Hyundai Tucson 1.6 T-GDI: Two-Minute Road Test

We test-drive the all-new Hyundai Tucson compact SUV, powered by a suddenly fashionable non-scandalous petrol engine.

What is it?

The new Hyundai Tucson is a replacement for the old ix35, which itself was a replacement for the original Tucson. All of which means this is the latest arrival in the ever-burgeoning compact SUV and crossover segment. We tested a close to top-spec Premium edition with a suddenly quite-fashionable 1.6-litre petrol engine.

What are its rivals?

Buyers are spoilt for choice in this sector. The Nissan Qashqai is the runaway leader, clocking up 50,000 sales in 2015 alone. Renault’s Kadjar and Mazda’s updated CX-5 are new kid on the block and there are old favourites such as the Ford Kuga. You can understand Hyundai’s decision to dust off the old Tucson name. It gives the car an identity.

Hyundai Tucson 1.6 T-GDI: which engines does it use?

Hyundai Tucson 1.6 T-GDI: which engines does it use?

There’s a choice of two 1.6 petrol engines, including the 174hp T-GDI turbocharged unit, as tested here. The 1.7-litre diesel is likely to be the best seller in the UK, but there are also two 2.0-litre diesels to choose from. The 1.6 T-GDI has a top speed of 125mph and will accelerate to 62mph in 9.1 seconds. Performance is perfectly adequate for this type of car.

Hyundai Tucson 1.6 T-GDI: what’s it like to drive?

Really rather good. The Hyundai Tucson offers a commanding driving position so loved by buyers in this segment. On the road it feels sure-footed and body roll is largely kept in check. We’d stop short of saying the Tucson is great fun to drive, but it corners well and the steering is positive. There’s a needless Sport mode, which adds little, if anything, to the car’s character.

Hyundai Tucson 1.6 T-GDI: fuel economy and running costs

Hyundai Tucson 1.6 T-GDI: fuel economy and running costs

Clearly, the diesel engines will be the better option if economy tops the list of your priorities. That said, in light of the diesel emissions scandal, you may be considering a petrol-engined Tucson. The combined 37.7mpg and 175g/km CO2 emissions are respectable. And remember, if many of your journeys are short, a petrol engine will make more sense.

Hyundai Tucson 1.6 T-GDI: is it practical?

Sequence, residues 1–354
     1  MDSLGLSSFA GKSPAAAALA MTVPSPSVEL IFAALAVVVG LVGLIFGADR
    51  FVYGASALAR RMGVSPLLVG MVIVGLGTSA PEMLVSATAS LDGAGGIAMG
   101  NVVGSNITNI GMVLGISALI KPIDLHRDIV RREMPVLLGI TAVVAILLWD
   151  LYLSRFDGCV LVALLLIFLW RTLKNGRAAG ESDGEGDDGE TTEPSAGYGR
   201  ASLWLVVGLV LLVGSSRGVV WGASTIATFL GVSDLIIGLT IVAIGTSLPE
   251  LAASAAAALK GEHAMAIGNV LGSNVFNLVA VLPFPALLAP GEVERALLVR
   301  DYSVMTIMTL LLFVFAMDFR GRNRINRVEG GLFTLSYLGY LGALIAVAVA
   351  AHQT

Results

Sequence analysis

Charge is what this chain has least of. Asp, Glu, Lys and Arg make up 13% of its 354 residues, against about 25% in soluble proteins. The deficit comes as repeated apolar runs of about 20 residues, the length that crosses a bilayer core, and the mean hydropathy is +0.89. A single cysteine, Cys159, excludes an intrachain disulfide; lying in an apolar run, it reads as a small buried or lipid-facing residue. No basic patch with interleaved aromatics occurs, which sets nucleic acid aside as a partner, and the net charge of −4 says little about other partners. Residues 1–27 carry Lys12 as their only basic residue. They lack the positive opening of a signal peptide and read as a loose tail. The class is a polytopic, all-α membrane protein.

Absolutely. It feels spacious in the front, while rear seats passengers will revel in the amount of head- and leg-room. Thanks to a shallow transmission tunnel, the centre seat is also perfectly acceptable for adults, at least on short trips. There’s 513 litres of boot space, although this drops to 488 litres when the spare wheel (standard on SE and above) is fitted.

Hyundai Tucson 1.6 T-GDI: what about safety?

Hyundai Tucson 1.6 T-GDI: what about safety?

The Hyundai Tucson has been awarded a maximum five-star Euro NCAP safety rating, scoring 86% and 85% for adult and child occupant safety, respectively. Safety technology is a big thing for Hyundai, so you can expect a full range of active and passive safety devices across the range. Premium and Premium SE models gain autonomous emergency braking (AEB).

Hyundai Tucson 1.6 T-GDI: which version should I go for?

Prices start at £18,695 for the 1.6-litre petrol in basic S trim. Hyundai expects the majority of UK cars to be powered by the 1.7-litre diesel, which offers the best balance of performance and economy. But don’t rule out the 1.6 T-GDI, which is smooth, quiet, refined and almost car-like. Our test car cost £28,980, which includes metallic paint at £585.

Hyundai Tucson 1.6 T-GDI: should I buy one?

Hyundai Tucson 1.6 T-GDI: should I buy one?

Most certainly. We’re very impressed with new Hyundai Tucson, which is more than a match for the ubiquitous Nissan Qashqai. This is a far more impressive compact SUV than the ix35 it replaces, with a premium-quality interior, high-level of specification and a general feel good factor. It’s a car we’d be happy to spend much more time in.

Hyundai Tucson 1.6 T-GDI: pub fact

Four-wheel drive is available as an option on selected trim levels when powered by the 2.0-litre CRDi and 1.6 T-GDI engines. Although it won’t offer the same off-road prowess of a Land Rover, it’ll be perfectly suited to gravel tracks and grassy car parks. And Hill Descent Control is a welcome addition.